Once you’ve established an emergency fund, the next priority is to use some or all of that 20% financial priorities account to pay off credit card debt or keep current on student loans. Only after you’ve paid off all credit card debt and paid your student loans do you start saving both for retirement and for any important short-term goals (such as saving for a home down payment or a new car).
Q: You just mentioned that savings can be for both short-term goals and for long-term goals such as retirement. Shouldn’t retirement savings come first?
A: Clearly the more you save early on for retirement, the more you have the magic of compounding on your side. We recommend contributing to your employer-sponsored 401(k) at least enough to get the match, as this is a 100% return on your investment, and will have more time to grow, but when someone has an important concurrent goal such as saving for a home or a wedding, we have to be realistic and recommend splitting that 20% financial priorities account towards these dual goals if needed for a time. The goal though would be to buy a home or save for a wedding that you can afford to allow you to save more for your retirement or financial freedom sooner and to benefit from the power of compounding.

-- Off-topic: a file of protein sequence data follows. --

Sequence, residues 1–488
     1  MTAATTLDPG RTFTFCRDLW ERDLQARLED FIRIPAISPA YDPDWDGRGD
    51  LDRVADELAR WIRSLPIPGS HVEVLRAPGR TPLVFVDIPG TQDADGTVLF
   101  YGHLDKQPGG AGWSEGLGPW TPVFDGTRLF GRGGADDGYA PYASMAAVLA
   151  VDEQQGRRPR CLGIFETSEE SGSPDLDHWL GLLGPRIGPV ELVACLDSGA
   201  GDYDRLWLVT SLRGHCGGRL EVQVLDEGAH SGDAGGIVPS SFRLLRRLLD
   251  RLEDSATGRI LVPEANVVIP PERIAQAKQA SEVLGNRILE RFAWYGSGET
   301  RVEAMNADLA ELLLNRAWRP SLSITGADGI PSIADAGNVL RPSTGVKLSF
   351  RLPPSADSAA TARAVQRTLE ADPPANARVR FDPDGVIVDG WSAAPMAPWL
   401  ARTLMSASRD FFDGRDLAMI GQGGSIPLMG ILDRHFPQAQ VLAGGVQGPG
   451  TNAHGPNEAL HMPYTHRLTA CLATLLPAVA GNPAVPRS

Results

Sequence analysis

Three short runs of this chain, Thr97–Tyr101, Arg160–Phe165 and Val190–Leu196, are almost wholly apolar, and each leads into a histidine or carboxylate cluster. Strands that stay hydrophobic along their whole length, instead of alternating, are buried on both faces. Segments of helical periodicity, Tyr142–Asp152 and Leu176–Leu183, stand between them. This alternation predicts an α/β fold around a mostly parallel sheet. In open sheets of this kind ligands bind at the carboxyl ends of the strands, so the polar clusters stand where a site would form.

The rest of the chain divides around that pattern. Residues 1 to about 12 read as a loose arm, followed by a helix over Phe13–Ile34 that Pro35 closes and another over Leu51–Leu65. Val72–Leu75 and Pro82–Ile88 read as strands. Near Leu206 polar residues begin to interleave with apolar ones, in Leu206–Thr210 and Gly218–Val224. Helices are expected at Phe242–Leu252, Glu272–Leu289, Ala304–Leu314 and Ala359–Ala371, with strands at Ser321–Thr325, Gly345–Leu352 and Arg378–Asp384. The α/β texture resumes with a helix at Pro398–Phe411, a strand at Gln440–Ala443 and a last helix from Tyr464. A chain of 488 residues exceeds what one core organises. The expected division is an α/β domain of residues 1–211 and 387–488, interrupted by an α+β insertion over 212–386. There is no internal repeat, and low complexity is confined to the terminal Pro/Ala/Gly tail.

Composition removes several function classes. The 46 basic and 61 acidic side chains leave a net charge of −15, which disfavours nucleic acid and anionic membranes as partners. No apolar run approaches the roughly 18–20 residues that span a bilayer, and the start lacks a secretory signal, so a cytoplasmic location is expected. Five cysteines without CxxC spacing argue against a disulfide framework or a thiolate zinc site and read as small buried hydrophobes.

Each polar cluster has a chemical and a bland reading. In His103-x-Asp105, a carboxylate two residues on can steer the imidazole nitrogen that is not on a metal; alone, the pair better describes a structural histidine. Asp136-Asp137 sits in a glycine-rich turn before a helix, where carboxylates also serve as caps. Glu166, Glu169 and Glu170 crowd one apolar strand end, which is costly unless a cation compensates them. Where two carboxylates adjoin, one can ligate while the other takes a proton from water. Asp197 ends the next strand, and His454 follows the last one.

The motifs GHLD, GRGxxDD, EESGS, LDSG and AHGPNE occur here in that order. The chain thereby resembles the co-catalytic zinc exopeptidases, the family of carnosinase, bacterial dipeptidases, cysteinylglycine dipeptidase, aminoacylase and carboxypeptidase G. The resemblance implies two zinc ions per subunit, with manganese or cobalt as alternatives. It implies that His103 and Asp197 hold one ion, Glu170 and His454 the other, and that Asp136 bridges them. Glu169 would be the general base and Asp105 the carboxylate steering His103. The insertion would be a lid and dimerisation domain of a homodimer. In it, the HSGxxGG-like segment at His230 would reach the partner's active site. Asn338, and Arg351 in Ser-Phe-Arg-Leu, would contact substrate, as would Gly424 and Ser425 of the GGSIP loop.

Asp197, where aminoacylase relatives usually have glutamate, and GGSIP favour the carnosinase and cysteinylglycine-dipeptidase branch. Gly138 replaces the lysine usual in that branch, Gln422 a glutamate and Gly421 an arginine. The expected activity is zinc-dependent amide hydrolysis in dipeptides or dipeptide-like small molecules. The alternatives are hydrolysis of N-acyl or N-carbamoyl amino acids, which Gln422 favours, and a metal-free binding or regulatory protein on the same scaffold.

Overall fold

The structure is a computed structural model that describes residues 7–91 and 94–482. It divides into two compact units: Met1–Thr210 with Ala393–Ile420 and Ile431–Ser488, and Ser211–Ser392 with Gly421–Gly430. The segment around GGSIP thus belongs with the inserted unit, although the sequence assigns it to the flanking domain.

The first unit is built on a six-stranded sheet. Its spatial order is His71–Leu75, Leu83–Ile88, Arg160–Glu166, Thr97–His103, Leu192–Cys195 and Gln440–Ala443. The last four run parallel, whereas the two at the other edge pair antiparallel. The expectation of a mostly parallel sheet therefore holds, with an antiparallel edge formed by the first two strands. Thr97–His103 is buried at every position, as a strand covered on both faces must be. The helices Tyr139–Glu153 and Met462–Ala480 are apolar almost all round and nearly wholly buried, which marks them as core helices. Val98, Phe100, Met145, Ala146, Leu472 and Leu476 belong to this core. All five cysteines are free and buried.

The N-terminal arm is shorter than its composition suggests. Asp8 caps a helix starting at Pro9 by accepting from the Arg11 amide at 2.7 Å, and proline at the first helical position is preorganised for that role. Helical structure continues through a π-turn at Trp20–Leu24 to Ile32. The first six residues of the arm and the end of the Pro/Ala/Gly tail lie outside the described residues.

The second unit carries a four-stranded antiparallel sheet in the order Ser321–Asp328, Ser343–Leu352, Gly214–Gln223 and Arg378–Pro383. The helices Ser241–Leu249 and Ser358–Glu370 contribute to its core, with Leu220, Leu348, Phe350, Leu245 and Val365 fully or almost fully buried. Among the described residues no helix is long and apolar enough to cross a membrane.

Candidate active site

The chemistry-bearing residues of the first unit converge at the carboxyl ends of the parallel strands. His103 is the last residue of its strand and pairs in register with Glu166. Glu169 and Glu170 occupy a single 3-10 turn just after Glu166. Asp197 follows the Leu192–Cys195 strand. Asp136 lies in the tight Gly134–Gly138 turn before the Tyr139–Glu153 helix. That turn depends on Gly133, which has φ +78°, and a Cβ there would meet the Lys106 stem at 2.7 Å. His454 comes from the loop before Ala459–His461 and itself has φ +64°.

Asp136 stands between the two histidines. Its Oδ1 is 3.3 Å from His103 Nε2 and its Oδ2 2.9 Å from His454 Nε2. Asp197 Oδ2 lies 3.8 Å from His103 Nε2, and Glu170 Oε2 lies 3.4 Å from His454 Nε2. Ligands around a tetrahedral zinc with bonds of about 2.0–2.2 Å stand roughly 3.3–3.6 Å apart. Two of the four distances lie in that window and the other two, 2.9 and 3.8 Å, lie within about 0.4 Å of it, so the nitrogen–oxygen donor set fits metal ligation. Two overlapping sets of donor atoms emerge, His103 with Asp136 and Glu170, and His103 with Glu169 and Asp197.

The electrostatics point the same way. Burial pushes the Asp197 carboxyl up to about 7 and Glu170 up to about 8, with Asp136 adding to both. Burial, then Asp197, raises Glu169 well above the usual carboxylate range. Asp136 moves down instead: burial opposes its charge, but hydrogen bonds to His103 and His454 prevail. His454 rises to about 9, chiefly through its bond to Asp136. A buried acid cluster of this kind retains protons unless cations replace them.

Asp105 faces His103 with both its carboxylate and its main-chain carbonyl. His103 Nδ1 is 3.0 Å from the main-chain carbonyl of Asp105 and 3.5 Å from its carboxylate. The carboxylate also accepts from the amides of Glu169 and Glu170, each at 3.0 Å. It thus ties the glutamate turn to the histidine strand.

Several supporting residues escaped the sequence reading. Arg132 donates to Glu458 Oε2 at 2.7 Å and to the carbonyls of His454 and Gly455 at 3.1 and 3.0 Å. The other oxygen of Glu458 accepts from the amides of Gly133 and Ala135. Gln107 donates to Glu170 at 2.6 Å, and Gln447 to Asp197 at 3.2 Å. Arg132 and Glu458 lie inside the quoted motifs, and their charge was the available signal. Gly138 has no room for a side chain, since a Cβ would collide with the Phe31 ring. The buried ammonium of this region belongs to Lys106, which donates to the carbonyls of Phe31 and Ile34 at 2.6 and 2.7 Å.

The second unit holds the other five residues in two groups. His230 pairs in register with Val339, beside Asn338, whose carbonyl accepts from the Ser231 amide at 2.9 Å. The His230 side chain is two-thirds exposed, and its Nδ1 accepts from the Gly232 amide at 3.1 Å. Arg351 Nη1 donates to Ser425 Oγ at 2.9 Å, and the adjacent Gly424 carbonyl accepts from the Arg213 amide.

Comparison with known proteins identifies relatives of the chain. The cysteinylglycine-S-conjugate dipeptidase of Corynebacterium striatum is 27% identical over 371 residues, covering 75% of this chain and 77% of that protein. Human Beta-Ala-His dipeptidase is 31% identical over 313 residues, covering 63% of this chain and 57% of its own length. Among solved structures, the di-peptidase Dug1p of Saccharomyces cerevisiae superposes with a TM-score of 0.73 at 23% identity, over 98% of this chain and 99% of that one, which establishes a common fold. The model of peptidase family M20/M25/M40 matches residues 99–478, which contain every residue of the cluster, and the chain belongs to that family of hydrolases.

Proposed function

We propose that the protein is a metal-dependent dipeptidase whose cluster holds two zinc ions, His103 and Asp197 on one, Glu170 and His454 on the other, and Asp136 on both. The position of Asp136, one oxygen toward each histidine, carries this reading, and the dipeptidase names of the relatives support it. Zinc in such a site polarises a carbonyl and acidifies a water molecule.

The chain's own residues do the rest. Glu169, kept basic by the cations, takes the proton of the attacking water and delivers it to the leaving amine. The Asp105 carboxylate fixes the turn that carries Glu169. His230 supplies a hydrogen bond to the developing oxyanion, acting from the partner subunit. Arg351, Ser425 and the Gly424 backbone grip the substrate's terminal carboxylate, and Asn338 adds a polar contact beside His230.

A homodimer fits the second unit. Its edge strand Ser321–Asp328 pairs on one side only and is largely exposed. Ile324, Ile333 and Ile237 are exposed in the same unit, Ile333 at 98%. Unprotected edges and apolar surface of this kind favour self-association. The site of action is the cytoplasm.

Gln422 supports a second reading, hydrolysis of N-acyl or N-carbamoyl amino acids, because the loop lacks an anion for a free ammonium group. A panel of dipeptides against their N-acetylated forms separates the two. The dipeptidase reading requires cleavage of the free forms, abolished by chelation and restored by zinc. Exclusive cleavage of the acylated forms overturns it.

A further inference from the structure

An example we use in our book is what it takes to save a million dollars by age 65. Assuming a 5% rate of return, if you start saving at age 25 you can reach millionaire status by age 65 investing $8,000 per year. However, if you wait until age 35 to invest, for the next 30 years you’ll need to invest significantly more, $14,000 each year to reach that same $1,000,000 goal. Plus, while you may not realize it at the time, you have more discretionary wealth in your 20s than in your 30s when you are more likely to be buying a home and possibly have the cost of raising a family to consider.
Q: Speaking of having a family, what are some tips in your book that apply to attorneys who are ready to start a family?
A: The basic 20% financial priorities rule still applies but by adding a spouse there’s a new dynamic to consider, namely that you and your spouse are likely to have different views on money. Our advice there is to talk about short and long-term money goals often.